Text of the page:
| How to Use Graphs
| Represent constraints by equations or inequalities, and by systems of equations and/or inequalities, and interpret solutions as viable or nonviable options in a modeling context. For example, represent inequalities describing nutritional and cost constraints on combinations of different foods.
| Graphing Systems of Inequalities
| Rearrange formulas to highlight a quantity of interest, using the same reasoning as in solving equations. For example, rearrange Ohm's law V = IR to highlight resistance R.
| Solving Equations Using Several Operations
|Reasoning with Equations and Inequalities
|Understand solving equations as a process of reasoning and explain the reasoning.
| Explain each step in solving a simple equation as following from the equality of numbers asserted at the previous step, starting from the assumption that the original equation has a solution. Construct a viable argument to justify a solution method.
| Solve simple rational and radical equations in one variable, and give examples showing how extraneous solutions may arise.
|Solve equations and inequalities in one variable.
| Solve linear equations and inequalities in one variable, including equations with coefficients represented by letters.
| Solving Equations by Multiplication and Division
| Use the method of completing the square to transform any quadratic equation in x into an equation of the form (x - p)2 = q that has the same solutions. Derive the quadratic formula from this form.
| Quadratic Formula
| Solve quadratic equations by inspection (e.g., for x2 = 49), taking square roots, completing the square, the quadratic formula and factoring, as appropriate to the initial form of the equation. Recognize when the quadratic formula gives complex solutions and write them as a ± bi for real numbers a and b.
| Simple Quadratic Functions
|Solve systems of equations.
| Prove that, given a system of two equations in two variables, replacing one equation by the sum of that equation and a multiple of the other produces a system with the same solutions.
| Solving Equations by Addition and Subtraction
| Solve systems of linear equations exactly and approximately (e.g., with graphs), focusing on pairs of linear equations in two variables.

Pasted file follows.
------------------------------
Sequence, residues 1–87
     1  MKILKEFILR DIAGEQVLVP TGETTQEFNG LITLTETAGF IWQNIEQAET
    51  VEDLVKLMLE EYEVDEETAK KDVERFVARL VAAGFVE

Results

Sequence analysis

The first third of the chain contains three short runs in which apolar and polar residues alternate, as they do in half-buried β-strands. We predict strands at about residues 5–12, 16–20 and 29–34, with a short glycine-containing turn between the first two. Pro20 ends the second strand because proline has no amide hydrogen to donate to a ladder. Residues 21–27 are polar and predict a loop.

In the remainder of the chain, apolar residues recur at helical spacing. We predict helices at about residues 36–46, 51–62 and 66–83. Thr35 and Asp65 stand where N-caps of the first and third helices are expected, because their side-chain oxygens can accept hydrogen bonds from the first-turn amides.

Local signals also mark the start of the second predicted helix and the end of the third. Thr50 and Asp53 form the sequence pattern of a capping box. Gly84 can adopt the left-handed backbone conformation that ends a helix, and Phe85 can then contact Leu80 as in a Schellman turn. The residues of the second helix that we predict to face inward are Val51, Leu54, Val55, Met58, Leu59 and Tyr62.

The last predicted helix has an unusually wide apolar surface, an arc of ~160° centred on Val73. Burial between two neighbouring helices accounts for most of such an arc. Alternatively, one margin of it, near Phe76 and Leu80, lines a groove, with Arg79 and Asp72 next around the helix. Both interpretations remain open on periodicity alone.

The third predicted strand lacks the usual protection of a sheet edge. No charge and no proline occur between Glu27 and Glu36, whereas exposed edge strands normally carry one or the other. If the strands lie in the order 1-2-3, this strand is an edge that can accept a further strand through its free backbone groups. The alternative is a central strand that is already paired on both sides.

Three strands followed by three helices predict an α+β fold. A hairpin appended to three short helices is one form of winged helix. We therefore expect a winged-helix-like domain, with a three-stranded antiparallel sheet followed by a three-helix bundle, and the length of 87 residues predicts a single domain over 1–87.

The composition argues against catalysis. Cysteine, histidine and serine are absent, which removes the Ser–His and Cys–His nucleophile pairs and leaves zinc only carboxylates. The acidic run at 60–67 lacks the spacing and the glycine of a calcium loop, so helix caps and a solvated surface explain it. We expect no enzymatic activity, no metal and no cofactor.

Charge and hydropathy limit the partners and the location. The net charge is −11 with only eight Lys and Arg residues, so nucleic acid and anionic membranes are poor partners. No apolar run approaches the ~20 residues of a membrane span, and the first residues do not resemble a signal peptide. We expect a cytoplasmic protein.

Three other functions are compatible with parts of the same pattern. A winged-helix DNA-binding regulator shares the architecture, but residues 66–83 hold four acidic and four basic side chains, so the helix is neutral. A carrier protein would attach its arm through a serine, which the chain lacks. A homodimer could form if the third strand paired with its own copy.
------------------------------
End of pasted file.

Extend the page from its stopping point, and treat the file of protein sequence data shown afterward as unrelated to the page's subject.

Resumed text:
| Graphing Systems of Equations
| Solve a simple system consisting of a linear equation and a quadratic equation in two variables algebraically and graphically. For example, find the points of intersection between the line y = -3x and the circle x2 + y2 = 3.
| Quadratic Functions in Intercept Form
| Represent a system of linear equations as a single matrix equation in a vector variable
| Solving Linear Systems with Matrices
| Find the inverse of a matrix if it exists and use it to solve systems of linear equations (using technology for matrices of dimension 3 × 3 or greater).
| What are Matrices
|Represent and solve equations and inequalities graphically.
| Understand that the graph of an equation in two variables is the set of all its solutions plotted in the coordinate plane, often forming a curve (which could be a line).
| Graphing Quadratic Functions
| Explain why the x-coordinates of the points where the graphs of the equations y = f(x) and y = g(x) intersect are the solutions of the equation f(x) = g(x); find the solutions approximately, e.g., using technology to graph the functions, make tables of values, or find successive approximations. Include cases where f(x) and/or g(x) are linear, polynomial, rational, absolute value, exponential, and logarithmic functions.
| Solving Quadratic Equations by Graphing
| Graph the solutions to a linear inequality in two variables as a half-plane (excluding the boundary in the case of a strict inequality), and graph the solution set to a system of linear inequalities in two variables as the intersection of the corresponding half-planes.